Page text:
Old School Wednesdays is a weekly Book Smuggler feature. We came up with the idea towards the end of 2012, when both Ana and Thea were feeling exhausted from the never-ending inundation of New and Shiny (and often over-hyped) books. What better way to snap out of a reading fugue than to take a mini-vacation into the past?
Logo designed by the wonderful KMont
Today, Thea reads the first book in John Christopher’s Tripod series, The White Mountains!
Title: Black Hearts in Battersea
Author: Joan Aiken
Genre: Children’s, Fantasy, Alternate History
Publisher: Vintage Classics
Publication date: First published in 1964
Paperback: 320 Pages
Simon is determined to become a painter when he grows up so he sets off to London to make his fortune. But the city is plagued by wolves and mysterious disappearances. The Twite household, where Simon is lodging, seems particularly shifty. Before he even gets a chance to open his glistening new paints Simon stumbles right into the centre of a plot to kill the King. And worse than that Simon is kidnapped and sent to sea! Luckily there are two friendly stowaways aboard – the feisty Dido Twite and the spoiled young Justin. But when the ship catches fire things look pretty dire. Can they escape? Will they save the king in time?
Standalone or series: Book 2 in the Wolves Chronicles series
How did I get this book: Borrowed
Format (e- or p-): Print
Why did I read this book: Even though I wasn’t a huge fan of the first book, I was reassured by good sources that I’d like the second book more, so I decided to give it a try.
Black Hearts in Battersea is book two in The Wolves Chronicles sequence by Joan Aiken. It follows Simon, the orphaned boy from the first book as he makes his way to London to meet his friend Dr Field and under his tutelage, start a new life as an arts student. Upon arriving in London, Simon finds that Dr Field has vanished without trace from his boarding house and the landlords refuse to acknowledge he was even there.
In between art tutorials, finding work as a blacksmith and reconnecting with his old friend Sophie, there is Intrigue! Adventure! Wild Escapades! as Simon gets entangled in a villainous plot to overthrow King James (and to kill his new friends, the Duke and Duchess of Battersea).
And worst of all: he must also find the time to appease Dido, his landlord’s youngest child, a girl with ferocious wants and nearly incomprehensible vocabulary.
First, the good: the female characters in these books are extraordinary. They are resourceful and smart and full of agency. There is no amount of adjectives to describe how fun the interactions between Simon and Dido were and how devastated I was in the end (until I learned that book 3 is all Dido’s). Equally, Sophie’s fun way of using the Duchess’ tapestry for just about everything in their time of need could be seen as the precursor to the multi-use towel from The Hitchhiker’s Guide to the Galaxy.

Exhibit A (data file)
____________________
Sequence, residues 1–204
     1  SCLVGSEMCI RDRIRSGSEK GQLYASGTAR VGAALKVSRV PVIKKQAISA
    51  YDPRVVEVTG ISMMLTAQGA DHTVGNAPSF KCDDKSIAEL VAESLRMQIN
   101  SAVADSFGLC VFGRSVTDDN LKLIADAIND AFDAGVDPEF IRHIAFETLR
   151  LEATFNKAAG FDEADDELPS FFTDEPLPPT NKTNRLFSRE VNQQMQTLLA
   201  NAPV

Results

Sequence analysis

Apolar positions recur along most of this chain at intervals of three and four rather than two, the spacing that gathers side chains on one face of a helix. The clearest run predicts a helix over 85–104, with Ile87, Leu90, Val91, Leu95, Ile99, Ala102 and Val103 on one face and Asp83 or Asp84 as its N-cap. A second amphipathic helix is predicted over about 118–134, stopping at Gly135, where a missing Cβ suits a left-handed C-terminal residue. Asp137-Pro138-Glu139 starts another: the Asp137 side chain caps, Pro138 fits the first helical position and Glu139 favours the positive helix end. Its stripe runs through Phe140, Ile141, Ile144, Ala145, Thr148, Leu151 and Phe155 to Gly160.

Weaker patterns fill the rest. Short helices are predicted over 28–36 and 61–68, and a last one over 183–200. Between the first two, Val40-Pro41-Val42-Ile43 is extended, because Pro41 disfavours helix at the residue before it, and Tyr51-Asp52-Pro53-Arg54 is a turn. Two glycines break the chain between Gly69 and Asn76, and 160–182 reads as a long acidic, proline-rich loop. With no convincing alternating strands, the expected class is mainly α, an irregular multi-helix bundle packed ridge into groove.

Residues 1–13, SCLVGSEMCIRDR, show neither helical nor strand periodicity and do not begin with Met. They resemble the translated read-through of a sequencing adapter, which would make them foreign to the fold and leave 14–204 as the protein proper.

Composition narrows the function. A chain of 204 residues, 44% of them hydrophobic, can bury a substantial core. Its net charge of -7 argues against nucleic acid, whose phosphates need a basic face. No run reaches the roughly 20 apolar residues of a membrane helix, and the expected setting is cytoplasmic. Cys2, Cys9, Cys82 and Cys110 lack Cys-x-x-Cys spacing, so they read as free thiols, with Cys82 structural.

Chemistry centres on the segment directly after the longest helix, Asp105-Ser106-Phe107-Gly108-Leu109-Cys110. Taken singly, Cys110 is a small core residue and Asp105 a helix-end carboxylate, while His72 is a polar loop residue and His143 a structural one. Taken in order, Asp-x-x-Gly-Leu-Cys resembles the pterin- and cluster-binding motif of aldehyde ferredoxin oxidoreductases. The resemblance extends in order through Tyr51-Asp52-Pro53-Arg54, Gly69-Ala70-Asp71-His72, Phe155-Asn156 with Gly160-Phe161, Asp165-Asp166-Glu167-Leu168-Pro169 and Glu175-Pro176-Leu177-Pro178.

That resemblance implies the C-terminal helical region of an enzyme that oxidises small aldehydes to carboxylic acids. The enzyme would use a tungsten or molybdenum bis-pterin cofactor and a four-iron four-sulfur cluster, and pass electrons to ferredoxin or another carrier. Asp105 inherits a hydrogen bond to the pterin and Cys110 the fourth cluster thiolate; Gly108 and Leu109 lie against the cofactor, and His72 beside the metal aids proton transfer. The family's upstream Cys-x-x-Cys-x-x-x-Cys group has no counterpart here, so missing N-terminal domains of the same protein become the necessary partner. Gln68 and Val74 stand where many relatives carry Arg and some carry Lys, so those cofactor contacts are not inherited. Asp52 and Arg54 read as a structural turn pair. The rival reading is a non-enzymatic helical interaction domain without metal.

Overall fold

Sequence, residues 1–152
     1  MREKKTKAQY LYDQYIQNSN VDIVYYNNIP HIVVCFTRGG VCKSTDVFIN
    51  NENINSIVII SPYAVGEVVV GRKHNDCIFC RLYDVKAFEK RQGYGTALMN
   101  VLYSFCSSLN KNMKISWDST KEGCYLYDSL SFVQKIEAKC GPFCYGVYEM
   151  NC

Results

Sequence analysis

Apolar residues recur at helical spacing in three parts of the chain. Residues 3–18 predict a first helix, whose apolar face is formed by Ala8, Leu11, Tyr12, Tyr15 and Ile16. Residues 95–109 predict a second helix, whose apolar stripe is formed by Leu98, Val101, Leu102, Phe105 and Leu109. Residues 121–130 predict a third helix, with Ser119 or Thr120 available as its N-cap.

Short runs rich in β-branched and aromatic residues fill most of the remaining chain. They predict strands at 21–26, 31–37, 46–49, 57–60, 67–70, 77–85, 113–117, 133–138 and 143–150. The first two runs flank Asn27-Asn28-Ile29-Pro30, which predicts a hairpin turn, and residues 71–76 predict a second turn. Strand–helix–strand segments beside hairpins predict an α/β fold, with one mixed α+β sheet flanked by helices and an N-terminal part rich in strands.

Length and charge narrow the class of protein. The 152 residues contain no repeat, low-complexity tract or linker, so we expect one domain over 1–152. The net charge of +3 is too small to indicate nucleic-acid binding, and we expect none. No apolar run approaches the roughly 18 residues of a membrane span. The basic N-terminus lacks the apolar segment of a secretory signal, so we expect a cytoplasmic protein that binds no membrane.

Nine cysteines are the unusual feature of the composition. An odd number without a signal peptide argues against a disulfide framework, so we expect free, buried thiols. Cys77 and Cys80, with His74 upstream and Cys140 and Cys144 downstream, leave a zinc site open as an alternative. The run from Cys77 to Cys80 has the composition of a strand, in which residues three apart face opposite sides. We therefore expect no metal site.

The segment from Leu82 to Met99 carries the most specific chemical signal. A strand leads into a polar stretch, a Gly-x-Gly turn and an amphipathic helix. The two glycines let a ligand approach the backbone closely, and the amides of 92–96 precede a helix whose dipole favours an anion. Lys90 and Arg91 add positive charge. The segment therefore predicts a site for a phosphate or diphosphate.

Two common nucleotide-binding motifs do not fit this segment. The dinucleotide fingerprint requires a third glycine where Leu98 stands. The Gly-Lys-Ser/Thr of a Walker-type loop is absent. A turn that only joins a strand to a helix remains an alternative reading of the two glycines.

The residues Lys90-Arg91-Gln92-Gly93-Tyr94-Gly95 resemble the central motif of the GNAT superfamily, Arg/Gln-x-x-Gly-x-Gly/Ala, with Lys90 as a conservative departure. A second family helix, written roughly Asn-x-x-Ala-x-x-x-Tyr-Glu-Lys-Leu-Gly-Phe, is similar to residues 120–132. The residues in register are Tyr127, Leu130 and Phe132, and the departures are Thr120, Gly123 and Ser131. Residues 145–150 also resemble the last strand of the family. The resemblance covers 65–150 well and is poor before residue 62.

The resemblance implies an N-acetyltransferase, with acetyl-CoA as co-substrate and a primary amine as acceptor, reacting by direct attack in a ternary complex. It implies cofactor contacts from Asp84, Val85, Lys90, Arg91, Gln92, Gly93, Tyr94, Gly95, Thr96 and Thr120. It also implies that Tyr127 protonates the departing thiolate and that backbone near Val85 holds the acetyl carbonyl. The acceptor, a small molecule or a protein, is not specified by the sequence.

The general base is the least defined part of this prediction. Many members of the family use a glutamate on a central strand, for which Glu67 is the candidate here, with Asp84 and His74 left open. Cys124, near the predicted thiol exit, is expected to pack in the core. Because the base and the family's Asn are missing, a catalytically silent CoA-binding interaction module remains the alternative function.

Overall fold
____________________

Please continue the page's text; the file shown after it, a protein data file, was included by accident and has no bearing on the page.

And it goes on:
But…beyond appreciating the female characters, I just don’t connect with these books as a whole.
I wasn’t terribly impressed with the first book, The Wolves of Willoughby Chase for a myriad of reasons but mostly because the plot felt too…familiar. Unfortunately, I found myself having the same feels about Black Hearts in Battersea. Every single plot point is wholly predictable, every single stereotype surrounding “orphan” stories can be found here – from swapping babies, to fiendish plots and utterly goody two-shoes children (who are even frustratingly good when they are starving). I also wonder about how the series is billed as “alternate history” that takes place during the fictional reign of King James III when that doesn’t really affect the plot in any meaningful way (the story could be exactly the same without being set in this particular reign). It was difficult to even bring myself to finish it.
I am struggling here. It’s hard to separate this (admittedly quite personal) opinion about the book from the fact that I am well-read and well-acquainted with similar plots even though I know this was first published in 1964 and possibly predates all the stories that I read that made this one familiar.
So what does one do in such cases? Do I consider this book a good book? I don’t know how to answer that question but I do know it is a beloved children’s classic. I also know it was simply not for me.
Rating: 5 – Meh
Reading Next: Wake by Anna Hope
Buy the Book:
(click on the links to purchase)